Call of Cthulhu (2018) Review

Developer: Cyanide SA

Publisher: Focus Home Interactive

Trademark: Chaosium Inc.

Platforms: PC, Playstation 4 (reviewed), XBox One

Release Date: October 30th, 2018

In the 1920s, H. P. Lovecraft first created Cthulhu in the short story, “The Call of Cthulhu.” Since then, the Cthulhu Mythos was spawned and has been frightening and inspiring people to this day.  The Lovecraftian brand of horror is seen in many videogames such as the 2006 Call of Cthulhu: Dark Corners of the Earth.  This most recent entry, simply titled Call of Cthulhu, is inspired by Chaosium’s classic pen and paper RPG of the same name, and brings the madness to life with its chilling atmosphere and compelling story.

The story is set in 1924, when private investigator, Edward Pierce, gets a case to investigate the mysterious death of famous painter, Sarah Hawkins, and her family on the strange Darkwater Island.  A freaky prologue sets the tone for the game which, as expected slowly descends into madness as the game goes on.  The mystery seems straightforward at first, but becomes much more complicated.  One playthrough takes around 10 to 15 hours to complete depending on your thoroughness and puzzle-solving skill.  It is worth it, however, to play multiple times to make different choices, find different items and trophies, and get a different one of the four possible endings. A comprehensive diary keeps record and adds information on the characters, places, and clues found throughout the story.  It helps to comb every inch of each section to get more items that, though are not necessary to progression, expand on the game’s universe.

Players can check on their sanity and level up their skills in the diary. Different skill proficiencies unlock certain dialogue options and help with investigations.  Controls are adequate and usually responsive.  Most of the game is simple walking and point and click, but there are areas as it progresses that include stealth, survival, and combat elements.  It’s these areas that get away from the point and click controls that can be a little frustrating, despite varying up the gameplay.  This might not be as much of a problem if these sections didn’t seem to drag and the characters moved faster when the sprint button is held down.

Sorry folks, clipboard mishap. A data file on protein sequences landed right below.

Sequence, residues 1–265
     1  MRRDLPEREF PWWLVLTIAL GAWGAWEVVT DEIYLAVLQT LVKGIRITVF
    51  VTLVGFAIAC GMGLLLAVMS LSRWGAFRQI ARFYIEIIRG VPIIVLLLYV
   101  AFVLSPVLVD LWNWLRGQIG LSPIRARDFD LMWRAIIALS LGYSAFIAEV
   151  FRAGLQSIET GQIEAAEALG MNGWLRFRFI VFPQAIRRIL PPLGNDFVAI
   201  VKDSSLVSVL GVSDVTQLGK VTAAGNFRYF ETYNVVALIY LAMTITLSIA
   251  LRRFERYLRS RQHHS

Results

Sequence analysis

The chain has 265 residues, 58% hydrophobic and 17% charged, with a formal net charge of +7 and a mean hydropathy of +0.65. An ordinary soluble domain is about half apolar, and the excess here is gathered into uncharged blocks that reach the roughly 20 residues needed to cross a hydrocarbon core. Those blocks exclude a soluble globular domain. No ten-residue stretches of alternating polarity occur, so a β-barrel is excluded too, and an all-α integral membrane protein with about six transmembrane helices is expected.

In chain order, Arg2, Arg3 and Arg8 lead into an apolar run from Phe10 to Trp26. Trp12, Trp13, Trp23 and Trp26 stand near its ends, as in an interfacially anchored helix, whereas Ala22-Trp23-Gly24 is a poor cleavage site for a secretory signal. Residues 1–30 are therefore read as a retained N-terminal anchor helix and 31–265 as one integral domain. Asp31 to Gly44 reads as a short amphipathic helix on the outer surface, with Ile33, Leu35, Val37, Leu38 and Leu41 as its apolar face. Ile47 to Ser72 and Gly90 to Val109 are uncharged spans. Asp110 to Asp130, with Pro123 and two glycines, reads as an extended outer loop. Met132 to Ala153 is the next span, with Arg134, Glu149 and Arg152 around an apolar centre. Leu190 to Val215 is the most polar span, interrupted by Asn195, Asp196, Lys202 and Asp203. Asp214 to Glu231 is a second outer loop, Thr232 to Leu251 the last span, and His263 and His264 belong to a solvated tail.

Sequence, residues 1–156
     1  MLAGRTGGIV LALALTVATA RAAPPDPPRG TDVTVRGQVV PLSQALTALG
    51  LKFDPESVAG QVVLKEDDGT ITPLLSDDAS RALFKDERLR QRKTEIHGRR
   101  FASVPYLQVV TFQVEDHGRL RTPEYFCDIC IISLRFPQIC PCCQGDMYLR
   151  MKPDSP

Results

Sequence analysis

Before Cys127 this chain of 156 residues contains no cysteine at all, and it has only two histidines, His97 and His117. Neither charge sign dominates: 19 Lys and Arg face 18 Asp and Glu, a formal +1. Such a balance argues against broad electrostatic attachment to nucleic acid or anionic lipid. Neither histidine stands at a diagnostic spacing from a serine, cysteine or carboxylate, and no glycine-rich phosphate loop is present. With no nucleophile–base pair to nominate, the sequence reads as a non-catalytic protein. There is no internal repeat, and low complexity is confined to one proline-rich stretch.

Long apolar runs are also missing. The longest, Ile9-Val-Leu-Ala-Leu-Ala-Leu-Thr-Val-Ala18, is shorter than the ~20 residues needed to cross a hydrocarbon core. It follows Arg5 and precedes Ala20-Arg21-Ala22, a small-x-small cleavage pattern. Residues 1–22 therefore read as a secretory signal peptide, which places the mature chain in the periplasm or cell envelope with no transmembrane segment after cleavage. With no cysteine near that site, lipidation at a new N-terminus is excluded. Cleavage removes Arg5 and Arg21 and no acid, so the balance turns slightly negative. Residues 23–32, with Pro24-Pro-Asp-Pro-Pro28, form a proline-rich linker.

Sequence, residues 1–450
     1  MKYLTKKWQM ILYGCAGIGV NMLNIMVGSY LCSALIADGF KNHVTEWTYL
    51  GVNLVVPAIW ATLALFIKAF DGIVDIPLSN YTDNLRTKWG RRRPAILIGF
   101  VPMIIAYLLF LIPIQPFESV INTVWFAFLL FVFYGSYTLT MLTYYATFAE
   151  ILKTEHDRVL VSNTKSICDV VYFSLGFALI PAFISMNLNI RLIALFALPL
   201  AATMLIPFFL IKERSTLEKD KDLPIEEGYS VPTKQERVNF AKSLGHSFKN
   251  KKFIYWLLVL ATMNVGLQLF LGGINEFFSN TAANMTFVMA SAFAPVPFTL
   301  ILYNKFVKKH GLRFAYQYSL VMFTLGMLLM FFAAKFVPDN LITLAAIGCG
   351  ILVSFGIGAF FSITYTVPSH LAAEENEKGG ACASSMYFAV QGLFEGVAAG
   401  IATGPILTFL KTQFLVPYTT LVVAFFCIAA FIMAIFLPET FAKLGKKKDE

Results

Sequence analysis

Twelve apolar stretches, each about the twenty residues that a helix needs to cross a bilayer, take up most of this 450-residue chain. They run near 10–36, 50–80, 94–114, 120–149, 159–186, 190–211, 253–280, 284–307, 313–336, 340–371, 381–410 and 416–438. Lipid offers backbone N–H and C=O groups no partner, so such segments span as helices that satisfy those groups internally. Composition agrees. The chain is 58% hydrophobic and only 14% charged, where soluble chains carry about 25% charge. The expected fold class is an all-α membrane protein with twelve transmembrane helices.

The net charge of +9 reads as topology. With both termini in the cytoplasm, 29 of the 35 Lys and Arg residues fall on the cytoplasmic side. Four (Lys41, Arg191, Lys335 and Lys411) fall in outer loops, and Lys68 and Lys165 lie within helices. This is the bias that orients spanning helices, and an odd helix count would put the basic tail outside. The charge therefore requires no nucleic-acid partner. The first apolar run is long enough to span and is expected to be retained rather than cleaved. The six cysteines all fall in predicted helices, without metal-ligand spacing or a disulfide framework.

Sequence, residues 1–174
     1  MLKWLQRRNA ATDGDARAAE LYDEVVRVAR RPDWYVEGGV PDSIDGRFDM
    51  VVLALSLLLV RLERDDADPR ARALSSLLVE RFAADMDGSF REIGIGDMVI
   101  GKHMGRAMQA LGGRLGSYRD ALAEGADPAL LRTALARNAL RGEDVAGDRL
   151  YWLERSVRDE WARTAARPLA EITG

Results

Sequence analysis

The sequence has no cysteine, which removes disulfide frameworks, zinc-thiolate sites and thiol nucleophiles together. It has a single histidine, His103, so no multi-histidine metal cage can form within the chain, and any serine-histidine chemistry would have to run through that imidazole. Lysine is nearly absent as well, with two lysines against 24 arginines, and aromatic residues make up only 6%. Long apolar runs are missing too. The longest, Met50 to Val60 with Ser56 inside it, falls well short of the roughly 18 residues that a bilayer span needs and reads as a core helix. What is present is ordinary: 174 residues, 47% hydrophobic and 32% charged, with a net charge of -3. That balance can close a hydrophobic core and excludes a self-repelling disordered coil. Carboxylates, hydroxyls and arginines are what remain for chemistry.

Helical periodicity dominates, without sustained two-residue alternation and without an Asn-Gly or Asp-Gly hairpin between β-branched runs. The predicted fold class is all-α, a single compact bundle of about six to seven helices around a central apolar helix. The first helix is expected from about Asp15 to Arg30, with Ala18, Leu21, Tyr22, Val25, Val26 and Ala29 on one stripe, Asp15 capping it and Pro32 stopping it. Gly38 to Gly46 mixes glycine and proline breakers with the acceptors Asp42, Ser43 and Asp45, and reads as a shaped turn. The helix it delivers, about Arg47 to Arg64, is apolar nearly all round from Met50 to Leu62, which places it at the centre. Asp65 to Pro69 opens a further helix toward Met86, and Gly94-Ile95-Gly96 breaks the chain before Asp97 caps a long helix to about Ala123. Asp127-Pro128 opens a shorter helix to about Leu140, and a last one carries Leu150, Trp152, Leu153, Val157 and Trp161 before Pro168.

The game is inconsistent with the puzzle-solving difficulty as some are practically hand held through, while others give no direction whatsoever and you’re stuck wandering around wondering what to do.  Due to this, some puzzles are fun, while others can get annoying or tedious.  Some puzzles were also drug out too long with seemingly no purpose but to make the game longer, though some could argue this adds to the feeling of going insane.  Players can make many choices through the game, though only key choices affect the story.  Conversations have many choices too, but it’s easy to accidentally make a character shut down and refuse to speak to you further.

The horror element is very well done through the creepy atmosphere. Most of the scares come from a sense of generally being unsettled or feeling that something is “off.”  Then there are the few well placed jump scares that keep you uneasy and on your toes.  Abominations throughout the game are wonderfully terrifying.

Part of what makes the atmosphere so creepy are the intricate environments and absolutely phenomenal sound design.  For extra effect, this is a good one to play with headphones.  The sound takes an already scary setting, and ramps the scare factor up.  The settings are beautifully lit and colored in a way that shows the constance of deterioration that should be present in a Lovecraftian work.  The main characters each have little quirks that push the world building further.  On the downside, character models don’t look at good as the environments and many NPCs look the exact same which can get a little confusing.  Another unfortunate, immersion breaking visual is that there are many typos in the subtitles.

Despite some flaws, this is a must get for fans of Lovecraft as it perfectly captures that Lovecraftian vibe.  It may also inspire more people to check out the pen and paper RPG if they want more.  Those not as into Lovecraft may still want to check this out as a good horror game, but can probably wait for a sale.  Either way, don’t sleep on this title.